DataLink inputParam PARAM/@value

Markus Demleitner msdemlei at
Mon Nov 20 14:25:53 CET 2017

Hi Mark,

On Mon, Nov 20, 2017 at 10:30:23AM +0000, Mark Taylor wrote:
> On Mon, 20 Nov 2017, Markus Demleitner wrote:
> > On Fri, Nov 17, 2017 at 11:06:41AM +0100, Carlos Rodrigo wrote:
> > > In practice, trying to define how to build a meaningful interface
> > > (let's say, a form) just using a "metadata" response has several
> > > subleties when we really think of real cases.
> My general feeling on this sort of thing is that it's hard to come
> up with external descriptions that do a good job
> of encoding constraints on linked sets of parameters.
> MIN, MAX and OPTIONS are probably reasonable, though even with those 
> there's scope for abuse and confusion; e.g.
>    % curl -s '' | xmllint -format - | grep -A5 POLYGON
>       <PARAM arraysize="*" datatype="double" name="POLYGON" ucd="phys.argArea;obs" unit="deg" value="">
>         <DESCRIPTION>A polygon (as a flattened array of ra, dec pairs) that should be covered by the cutout.</DESCRIPTION>
>         <VALUES>
>           <MAX value="13.5628982448 -74.8092154585 11.8908923667 -72.0023786878 2.6858408712 -72.2229858075 2.6979056912 -75.0567925826"/>
>         </VALUES>
>       </PARAM>
> - as a human I can probably guess what that means, but I'd never
> have thought to write code that could understand it if I hadn't 
> seen this kind of example.

I give you that this is a bit of a perverse example (and I've argued
against that specific syntax myself), but it also illustrates why we
simply need this sort of thing: When there isn't a human consuming
the markup but a machine doing something for the human and the human
can't be bothered to read through all the gobbledigook (whether
ostensibly human-readable or not) coming back from the network.

In this particular case, a client will need it to provide some sort
of sky view on which a human can do a cutout -- in this situation you
don't want to download a complete dataset, but you need to now what
area it (roughly) covers on the sky nevertheless.

Another case where uniform and expressive declaration of service
parameters would really be great include all-VO searches that
slightly go beyond the basic parameters a standard gives (think
theoretical spectra, where a client needs to work out what to pass to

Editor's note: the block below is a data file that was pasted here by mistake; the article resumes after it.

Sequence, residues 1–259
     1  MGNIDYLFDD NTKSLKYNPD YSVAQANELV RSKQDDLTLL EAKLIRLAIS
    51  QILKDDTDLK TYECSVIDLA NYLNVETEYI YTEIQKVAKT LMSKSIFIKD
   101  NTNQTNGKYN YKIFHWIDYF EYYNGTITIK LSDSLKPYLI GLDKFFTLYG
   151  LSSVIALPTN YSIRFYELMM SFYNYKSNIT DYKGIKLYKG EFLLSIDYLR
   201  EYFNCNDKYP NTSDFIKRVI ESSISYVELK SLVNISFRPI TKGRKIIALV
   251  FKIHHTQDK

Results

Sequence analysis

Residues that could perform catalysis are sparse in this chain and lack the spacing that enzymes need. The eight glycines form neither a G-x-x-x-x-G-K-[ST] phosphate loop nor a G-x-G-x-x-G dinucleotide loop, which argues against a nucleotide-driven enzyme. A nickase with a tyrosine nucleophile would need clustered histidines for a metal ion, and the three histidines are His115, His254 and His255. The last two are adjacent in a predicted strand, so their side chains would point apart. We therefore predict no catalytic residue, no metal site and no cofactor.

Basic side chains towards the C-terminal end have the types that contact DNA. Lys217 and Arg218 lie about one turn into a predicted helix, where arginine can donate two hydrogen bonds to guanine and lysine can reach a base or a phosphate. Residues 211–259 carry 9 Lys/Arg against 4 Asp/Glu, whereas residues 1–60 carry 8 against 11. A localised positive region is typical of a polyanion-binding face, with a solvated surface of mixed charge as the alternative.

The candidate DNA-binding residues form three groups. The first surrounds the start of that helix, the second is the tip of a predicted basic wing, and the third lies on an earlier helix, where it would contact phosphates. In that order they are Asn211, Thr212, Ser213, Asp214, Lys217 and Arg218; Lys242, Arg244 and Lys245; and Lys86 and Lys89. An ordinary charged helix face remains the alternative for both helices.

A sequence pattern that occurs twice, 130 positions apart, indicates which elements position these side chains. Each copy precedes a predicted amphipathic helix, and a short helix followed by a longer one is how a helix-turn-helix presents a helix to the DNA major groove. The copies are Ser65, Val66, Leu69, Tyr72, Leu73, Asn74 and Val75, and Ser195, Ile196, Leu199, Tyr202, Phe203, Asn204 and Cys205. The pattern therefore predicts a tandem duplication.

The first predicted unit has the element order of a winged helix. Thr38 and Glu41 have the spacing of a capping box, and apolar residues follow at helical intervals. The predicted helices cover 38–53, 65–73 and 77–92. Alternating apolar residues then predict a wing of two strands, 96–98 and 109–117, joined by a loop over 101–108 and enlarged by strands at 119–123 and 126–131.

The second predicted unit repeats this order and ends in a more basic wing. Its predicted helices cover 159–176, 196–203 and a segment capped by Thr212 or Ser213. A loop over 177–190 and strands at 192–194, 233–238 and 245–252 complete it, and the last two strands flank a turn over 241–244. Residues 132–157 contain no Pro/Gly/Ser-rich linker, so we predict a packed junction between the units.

what for, say, logg).

> As a builder and to some extent user of UIs, I'm generally more 
> in favour of good human-readable documentation provided by the service
> (per-parameter descriptions of value constraints, comprehensible
> error messages for bad inputs).  Trying to specify (not to mention

If the human is the direct consumer of the service, this may be true.
But I still have to say (as a consumer of various kinds of resource
descriptions) I see a higher chance of such documentation being
halfway useful and complete if you give people a schema they can
essentially fill out (name, unit, range, ucd of a parameter) than if
you ask them to produce free text (which is also far harder to format
into something quickly comprehensible if people want to use not just
two but 200 services at a time).

> to use on server and client side), a machine-readable language for 
> describing constraints is in my view likely to lead to syntax
> which is pretty complicated but still unable to capture all the 
> things you need to say.  I'm afraid my recollection of the details
> of PDL does not dissuade me from that opinion.

Well, I'm not saying PDL doesn't need some development, but I'm quite
sure we're not that far away from a formalism that makes simple things
(reasonably) simple and complex things possible.  

I think VOTable and TAP_SCHEMA nicely show the advantages of
machine-readable column (and partly table) metadata.  Let's have that
for service metadata, too, if we can.

         -- Markus

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